The complete works of Beethoven on 85 CDs plus a supplement particularly outstanding recordings of the past on 15 CDs!
Including the 32 legendary piano sonatas, played by the eccentric talent of the century Friedrich Gulda
The Blues Masters series, much to Rhino`s credit, adopts an expansive definition of blues, allowing the likes of Count Basie, Blind Lemon Jefferson, Muddy Waters and even Louis Prima admission. There is none of the purist`s quibbling over strict 12-bar form or the relative significance of prewar and postwar styles.
What Rhino delivers instead is the blues in all its myriad guises. This music is old and new, black and white, acoustic and electric, folksy and jazzy, performed by women and men, and yet it is all still blues at its core.
Barrett takes you through a demonstration of techniques such as bends, hammer-ons, pull-offs, and vibrato. He shows how to count out solo structures and connect phrases into memorable musical statements. The DVD is packed with licks and practice ideas!
This set is, indeed, complete, including as it does the six standard trios as well as the op. 11 work that Beethoven originally wrote for a clarinet, but later arranged for violin. The performances were, to judge from viewing, given exclusively for video, no audience evidently being present. The third of the op. 1 set and op.11 are in black and white; everything else is color. Throughout, the picture quality is excellent. The mono sound, however, is disappointing for the vintage: somewhat brittle in the piano and shrill in the violin. Much of this can be corrected with good tone controls, however. Prior to filming these performances, this triumvirate recorded studio versions of these works that were widely admired. Nearly all of what is offered here is in the same class: well-organized, vibrant readings attuned to the wit, drama, and lyricism of these remarkable scores. Everything in op. 1 works well, as does the violin version of op. 11. The two trios in op. 70 are, of course, studies in contrast—No. 1 comprising some of the most explosive chamber music that Beethoven ever composed, No. 2 more lyrical and experimental, its eerie opening being a case in point. Both works are impressively played, No.1 (“Ghost”) projected with thrilling energy and spooky delicacy.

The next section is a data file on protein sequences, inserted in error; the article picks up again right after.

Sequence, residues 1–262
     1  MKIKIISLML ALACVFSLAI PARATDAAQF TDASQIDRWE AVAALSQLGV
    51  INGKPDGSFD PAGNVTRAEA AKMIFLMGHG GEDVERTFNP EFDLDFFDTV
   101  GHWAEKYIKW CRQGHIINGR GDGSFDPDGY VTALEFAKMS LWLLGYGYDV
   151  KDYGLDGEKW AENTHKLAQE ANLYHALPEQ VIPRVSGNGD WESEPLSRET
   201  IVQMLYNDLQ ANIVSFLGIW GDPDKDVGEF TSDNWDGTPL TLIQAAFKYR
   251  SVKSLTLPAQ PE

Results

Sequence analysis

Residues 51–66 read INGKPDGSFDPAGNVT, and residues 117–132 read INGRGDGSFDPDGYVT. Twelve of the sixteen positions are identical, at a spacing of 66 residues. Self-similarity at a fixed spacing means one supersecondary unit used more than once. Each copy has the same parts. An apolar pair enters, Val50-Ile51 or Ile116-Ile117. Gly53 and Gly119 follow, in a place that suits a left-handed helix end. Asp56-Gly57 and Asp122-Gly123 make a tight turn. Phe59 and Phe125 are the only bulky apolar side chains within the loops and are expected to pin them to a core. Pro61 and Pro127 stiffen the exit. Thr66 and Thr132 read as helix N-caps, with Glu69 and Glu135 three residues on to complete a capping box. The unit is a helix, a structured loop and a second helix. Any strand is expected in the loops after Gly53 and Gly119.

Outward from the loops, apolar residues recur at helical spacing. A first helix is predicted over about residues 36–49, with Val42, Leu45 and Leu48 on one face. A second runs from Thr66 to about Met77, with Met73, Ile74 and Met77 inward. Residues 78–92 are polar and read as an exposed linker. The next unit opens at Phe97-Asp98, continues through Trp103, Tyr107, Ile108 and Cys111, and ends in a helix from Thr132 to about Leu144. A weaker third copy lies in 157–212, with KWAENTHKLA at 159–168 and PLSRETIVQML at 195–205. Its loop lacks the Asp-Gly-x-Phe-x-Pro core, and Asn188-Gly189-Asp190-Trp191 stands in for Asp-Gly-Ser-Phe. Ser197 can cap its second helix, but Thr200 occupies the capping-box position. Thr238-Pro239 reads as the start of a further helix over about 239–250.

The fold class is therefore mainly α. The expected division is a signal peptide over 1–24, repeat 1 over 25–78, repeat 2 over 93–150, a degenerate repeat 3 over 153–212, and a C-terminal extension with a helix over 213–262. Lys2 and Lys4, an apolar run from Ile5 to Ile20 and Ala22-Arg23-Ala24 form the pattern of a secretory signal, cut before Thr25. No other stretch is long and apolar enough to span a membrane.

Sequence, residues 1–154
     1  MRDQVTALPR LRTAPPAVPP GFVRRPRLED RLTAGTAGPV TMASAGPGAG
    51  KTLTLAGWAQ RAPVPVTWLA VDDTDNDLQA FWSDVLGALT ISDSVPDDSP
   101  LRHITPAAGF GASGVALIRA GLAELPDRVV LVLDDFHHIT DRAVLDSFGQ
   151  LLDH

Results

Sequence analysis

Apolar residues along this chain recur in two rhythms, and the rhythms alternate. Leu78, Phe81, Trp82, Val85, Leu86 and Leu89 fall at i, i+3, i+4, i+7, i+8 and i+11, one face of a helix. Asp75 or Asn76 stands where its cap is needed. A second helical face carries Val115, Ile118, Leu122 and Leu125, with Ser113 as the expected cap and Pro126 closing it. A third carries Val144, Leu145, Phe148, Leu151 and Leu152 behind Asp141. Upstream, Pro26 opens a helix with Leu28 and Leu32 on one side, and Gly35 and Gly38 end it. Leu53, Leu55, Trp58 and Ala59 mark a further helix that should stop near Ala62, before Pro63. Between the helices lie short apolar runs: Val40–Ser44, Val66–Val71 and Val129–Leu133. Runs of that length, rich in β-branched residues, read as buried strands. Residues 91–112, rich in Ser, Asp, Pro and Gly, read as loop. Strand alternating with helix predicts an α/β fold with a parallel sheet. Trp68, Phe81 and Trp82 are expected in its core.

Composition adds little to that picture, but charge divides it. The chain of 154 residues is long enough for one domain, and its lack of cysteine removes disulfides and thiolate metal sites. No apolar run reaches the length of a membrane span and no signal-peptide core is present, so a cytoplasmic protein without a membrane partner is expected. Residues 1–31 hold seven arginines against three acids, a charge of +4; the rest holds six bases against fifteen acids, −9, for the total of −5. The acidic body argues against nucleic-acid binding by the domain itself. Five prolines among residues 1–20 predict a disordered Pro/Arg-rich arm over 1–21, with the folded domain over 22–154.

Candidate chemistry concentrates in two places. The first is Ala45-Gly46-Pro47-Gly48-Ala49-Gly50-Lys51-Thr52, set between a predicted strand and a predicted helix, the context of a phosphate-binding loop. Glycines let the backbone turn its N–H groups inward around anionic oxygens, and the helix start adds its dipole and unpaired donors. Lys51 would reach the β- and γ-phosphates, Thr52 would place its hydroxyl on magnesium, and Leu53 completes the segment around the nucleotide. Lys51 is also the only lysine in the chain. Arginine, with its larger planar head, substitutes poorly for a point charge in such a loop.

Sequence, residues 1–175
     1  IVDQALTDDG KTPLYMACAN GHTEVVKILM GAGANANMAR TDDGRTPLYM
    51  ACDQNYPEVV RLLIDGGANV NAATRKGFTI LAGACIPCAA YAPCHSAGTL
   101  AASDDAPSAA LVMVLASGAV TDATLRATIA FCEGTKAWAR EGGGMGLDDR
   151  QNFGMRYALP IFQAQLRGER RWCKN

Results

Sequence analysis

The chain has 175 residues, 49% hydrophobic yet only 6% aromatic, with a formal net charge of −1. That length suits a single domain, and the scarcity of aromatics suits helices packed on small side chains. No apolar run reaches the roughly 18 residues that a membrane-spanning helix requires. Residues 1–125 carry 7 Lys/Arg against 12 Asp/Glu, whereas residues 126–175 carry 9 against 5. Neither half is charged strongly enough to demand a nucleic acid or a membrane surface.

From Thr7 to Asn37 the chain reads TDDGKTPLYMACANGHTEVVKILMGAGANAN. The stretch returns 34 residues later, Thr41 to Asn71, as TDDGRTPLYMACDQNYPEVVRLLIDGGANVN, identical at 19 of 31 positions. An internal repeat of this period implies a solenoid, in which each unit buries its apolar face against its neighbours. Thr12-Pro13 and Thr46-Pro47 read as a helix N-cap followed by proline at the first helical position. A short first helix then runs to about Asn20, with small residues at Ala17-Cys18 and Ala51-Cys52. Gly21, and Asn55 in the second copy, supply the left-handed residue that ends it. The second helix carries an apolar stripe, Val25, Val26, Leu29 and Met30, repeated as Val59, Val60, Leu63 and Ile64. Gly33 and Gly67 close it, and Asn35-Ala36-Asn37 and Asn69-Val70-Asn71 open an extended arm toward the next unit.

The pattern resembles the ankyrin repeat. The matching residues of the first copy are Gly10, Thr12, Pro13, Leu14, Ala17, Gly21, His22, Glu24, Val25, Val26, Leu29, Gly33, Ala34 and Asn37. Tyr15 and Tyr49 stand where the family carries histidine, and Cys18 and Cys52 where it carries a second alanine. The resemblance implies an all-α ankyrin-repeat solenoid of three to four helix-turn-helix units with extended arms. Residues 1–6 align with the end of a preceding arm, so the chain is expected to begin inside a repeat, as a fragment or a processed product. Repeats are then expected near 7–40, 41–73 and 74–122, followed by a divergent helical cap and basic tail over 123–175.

Paul Lewis performed all the Beethoven piano sonatas on tour in the USA and Europe between the 2005 and 2007 seasons, in parallel with his complete recording of the cycle for Harmonia Mundi. His interpretation of the Lizst sonata was distinguished by the prestigious Edison Award, while his recording of the complete Beethoven sonatas received two Gramophone Awards in 2008.
60 Classic songs on 3CDs from legend Frank Sinatra including You Make Me Feel So Young, Swingin’ Down The Lane, The Lady Is A Tramp, That Old Black Magic, We’ll Be Together Again, I’ve Got You Under My Skin and many others.
To run parallel with his complete Haydn series, Jean-Efflam Bavouzet is now starting a complete, chronological cycle of Beethoven’s piano sonatas. This first set covers the sonatas composed in the 1790s. Two further volumes, of middle and late sonatas, will follow in 2013 and 2014 respectively.